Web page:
Jeremy Lin Could Have Played for Yao Ming in Shanghai

  on February 12 2012 8:52 PM
Jeremy Lin
Lin is the first Taiwanese-American to play in the NBA. Reuters

With Jeremy Lin lighting up the city of New York and emerging as a sudden sensation, who would have thought the epitome of Lin-sanity would be playing anywhere else?

Lin
Lin the first Chinese-American to play in the NBA.

Well, had Lin not been claimed by the New York Knicks on Dec. 26 after being waived by the Houston Rockets, there was a chance he could have wound up with recently retired Rockets center Yao Ming playing for Yao's Shanghai Sharks, according to the New York Post.

Yao, who retired in July because of chronic foot injuries, owns the Sharks, a team for whom he once played. The Post reports he attempted to sign the point guard sensation to play for the Sharks during the NBA lockout, but was unsuccessful.

Lin, who helped the Knicks beat the Minnesota Timberwolves on Saturday, 100-98, told the Post following his historic 38-point outburst against the Los Angeles Lakers on Friday night that he has had a close relationship with the 7-foot-6 Chinese basketball legend since playing in his charity basketball games in Taiwan and Beijing in August 2010.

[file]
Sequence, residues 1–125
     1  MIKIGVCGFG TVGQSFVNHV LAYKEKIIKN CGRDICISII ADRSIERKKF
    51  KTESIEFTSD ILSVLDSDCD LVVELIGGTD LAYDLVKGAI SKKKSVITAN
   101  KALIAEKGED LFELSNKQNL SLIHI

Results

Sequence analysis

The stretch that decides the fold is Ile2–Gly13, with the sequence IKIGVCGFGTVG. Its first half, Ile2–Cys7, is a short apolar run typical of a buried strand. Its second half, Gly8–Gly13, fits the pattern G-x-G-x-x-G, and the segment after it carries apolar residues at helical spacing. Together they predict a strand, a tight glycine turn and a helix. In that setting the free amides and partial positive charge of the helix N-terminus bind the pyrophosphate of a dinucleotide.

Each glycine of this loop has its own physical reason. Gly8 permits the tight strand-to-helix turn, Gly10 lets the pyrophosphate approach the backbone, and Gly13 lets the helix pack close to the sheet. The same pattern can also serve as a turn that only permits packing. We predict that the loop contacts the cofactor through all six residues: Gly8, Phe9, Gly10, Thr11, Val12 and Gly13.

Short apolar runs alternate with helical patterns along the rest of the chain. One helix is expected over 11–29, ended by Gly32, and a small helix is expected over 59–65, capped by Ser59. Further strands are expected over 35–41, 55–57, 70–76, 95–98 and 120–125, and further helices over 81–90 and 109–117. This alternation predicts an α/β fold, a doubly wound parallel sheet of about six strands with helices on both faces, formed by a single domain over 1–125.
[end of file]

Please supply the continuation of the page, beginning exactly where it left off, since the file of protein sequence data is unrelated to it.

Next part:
Lin said he communicates often with Yao, who lives in Shanghai, mostly via text message. 

I actually talk to Yao after every game, he said. He's taken me out to eat when I've seen him. He's obviously a role model, big brother and mentor to me. We keep in touch all the time.'' 

Lin's mother, Shirley, was raised in Taiwan, and Yao invited Lin's family to his charity event soon after Lin graduated from Harvard and before his rookie season with the Golden State Warriors. 

Yao, 31, and Lin, 23, would see also each other socially whenever Golden State played Houston. Earlier this week, Lin also said that although he considered playing basketball in China in December, the Chinese Basketball Association is now in the playoffs. As a result, he would have also had to consider playing in Europe before his contract would be guaranteed. 

I wasn't considering that just yet, Lin said, but I figure if I get waived before the [Feb. 10] deadline and there's nothing left, you know, maybe I do need to go overseas, but God works in mysterious and miraculous ways.

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